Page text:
I Might as Well Get This Off My Chest

Anyone up for a good rant?

 

If you are, by all means continue reading, and imagine the following delivered with flecks of spittle and appropriate pulpit-pounding. If you aren’t, by all means find something else to read. I can be diplomatic – even conciliatory – if the occasion demands but I’m not going to be in this case. I cannot un-see what I see, and sometimes I just have to vent. If you find my tone somewhat strident, I can’t say I disagree with you. What you are about to read reflects a very real side of me – one that I have to live with daily. It has largely been shaped by a fundamentalist Christian upbringing that I certainly did not choose to be born into and that I consider a form of child abuse. I hope I’ve been clear. Here goes – let’s see how many metaphors I can mix:

 

The most urgent task of our time is to kill the hydra-headed monster known as religion. Until we manage to drive a stake once and for all through the heart of the vicious Mesopotamian god who still holds sway over and commands the blind obedience of billions of Christians, Muslims and Jews, all our attempts to wake up an extinction-bound humanity and galvanize them to action will avail nothing. No devout Christian – I’m talking here about True Believers™ who seriously think that God has a perfect plan for this planet and every human on it, is in control of everything that happens and is going to intervene just in the nick of time – is ever going to give a rat’s ass about the looming climate change disaster, or the meltdown of nuclear power plants or the drawdown of ancient aquifers, or the collapse of civilization as the peak of hydrocarbon extraction is passed and our worldwide technological faux-perpetual-motion machine begins to sputter and creak: Jesus is waiting in the wings, ready at his father’s command to ride once again into human affairs, this time on a white horse, vanquishing Satan and setting everything to rights.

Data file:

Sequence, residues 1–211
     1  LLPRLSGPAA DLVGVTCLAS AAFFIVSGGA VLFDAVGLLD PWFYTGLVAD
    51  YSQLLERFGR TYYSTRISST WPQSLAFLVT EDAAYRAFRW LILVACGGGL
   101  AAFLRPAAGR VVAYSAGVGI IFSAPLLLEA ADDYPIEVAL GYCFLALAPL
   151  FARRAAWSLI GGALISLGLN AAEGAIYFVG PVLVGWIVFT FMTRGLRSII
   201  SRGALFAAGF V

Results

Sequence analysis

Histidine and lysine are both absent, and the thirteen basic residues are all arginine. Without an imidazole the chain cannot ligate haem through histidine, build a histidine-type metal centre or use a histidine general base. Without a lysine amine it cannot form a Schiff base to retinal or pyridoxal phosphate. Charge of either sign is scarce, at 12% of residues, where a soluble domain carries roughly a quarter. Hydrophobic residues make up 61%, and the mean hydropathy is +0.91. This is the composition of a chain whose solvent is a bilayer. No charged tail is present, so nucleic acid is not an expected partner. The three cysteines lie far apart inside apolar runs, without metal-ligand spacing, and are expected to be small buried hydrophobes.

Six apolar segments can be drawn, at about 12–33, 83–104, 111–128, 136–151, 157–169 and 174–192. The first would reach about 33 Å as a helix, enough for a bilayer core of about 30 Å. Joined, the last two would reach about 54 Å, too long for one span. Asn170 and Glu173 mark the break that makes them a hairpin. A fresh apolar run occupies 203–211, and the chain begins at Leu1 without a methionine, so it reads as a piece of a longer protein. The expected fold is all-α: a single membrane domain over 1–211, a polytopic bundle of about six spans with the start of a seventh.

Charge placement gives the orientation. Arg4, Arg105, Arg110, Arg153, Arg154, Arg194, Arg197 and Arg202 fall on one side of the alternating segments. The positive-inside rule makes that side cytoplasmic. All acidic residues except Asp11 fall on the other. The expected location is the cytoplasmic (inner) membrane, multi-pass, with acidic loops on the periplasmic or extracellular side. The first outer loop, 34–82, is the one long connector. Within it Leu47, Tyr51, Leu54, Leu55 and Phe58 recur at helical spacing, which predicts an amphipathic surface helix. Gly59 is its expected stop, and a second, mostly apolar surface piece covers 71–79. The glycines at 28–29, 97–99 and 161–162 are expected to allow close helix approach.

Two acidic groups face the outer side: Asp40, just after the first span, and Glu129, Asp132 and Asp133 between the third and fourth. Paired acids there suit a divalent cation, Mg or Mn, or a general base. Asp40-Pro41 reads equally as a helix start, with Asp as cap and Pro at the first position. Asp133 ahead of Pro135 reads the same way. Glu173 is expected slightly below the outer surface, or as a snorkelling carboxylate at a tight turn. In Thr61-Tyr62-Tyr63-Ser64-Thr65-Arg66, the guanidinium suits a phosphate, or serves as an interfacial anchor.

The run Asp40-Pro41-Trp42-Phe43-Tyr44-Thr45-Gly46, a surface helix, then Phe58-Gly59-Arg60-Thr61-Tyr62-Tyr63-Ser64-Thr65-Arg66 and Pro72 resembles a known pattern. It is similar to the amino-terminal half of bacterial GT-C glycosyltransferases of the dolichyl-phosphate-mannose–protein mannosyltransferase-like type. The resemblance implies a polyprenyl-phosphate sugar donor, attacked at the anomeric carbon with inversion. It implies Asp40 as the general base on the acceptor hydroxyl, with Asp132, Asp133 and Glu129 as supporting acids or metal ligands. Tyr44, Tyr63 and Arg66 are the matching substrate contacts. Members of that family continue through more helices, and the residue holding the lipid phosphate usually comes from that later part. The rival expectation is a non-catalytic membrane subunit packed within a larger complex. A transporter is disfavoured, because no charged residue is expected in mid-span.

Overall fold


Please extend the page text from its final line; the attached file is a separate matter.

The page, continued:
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Determinism: Weather, Chaos, and the Human Mind

The weather is an incredibly complex system; it fluctuates, it moves, it reacts, and it behaves in certain ways. The weather can also be modeled by certain equations that predict its behaviour; when specific conditions are put in place, the weather will behave accordingly. Similarly, when different numbers are put into the equation you’ll end up with different outputs. The weather forecast is fundamentally uncertain because the weather is so complex it seems impossible to predict its behaviour with certain accuracy. However, imagine if one had all of the information relating to the set of starting conditions the weather behaved on. They would know the starting position of every molecule, the starting position of every atom, and every force acting upon such subatomic particles. Equations that perfectly model the weather could be put together if one had all of this information.

 

Meteorologists have been trying to construct better and better equations modeling the weather for decades, among them the famous mathematician and meteorologist Edward Lorenz. Edward was trying to construct equations modeling the weather when he came to the realization that the weather’s behavior relies heavily on its initial conditions, thus making long term predictions for the weather’s behavior is foolish. Even the slightest variation in the starting position of each molecule in the atmosphere could make the weather behave in a different way, the error would magnify over time as the particles continued to move and collide. It was this incredible unpredictability that gave the weather its properties, and Edward Lorenz would call this the butterfly effect. The butterfly effect is the event in which a small change in a complex system can have much larger implications further down the road.
Continue reading “Determinism: Weather, Chaos, and the Human Mind”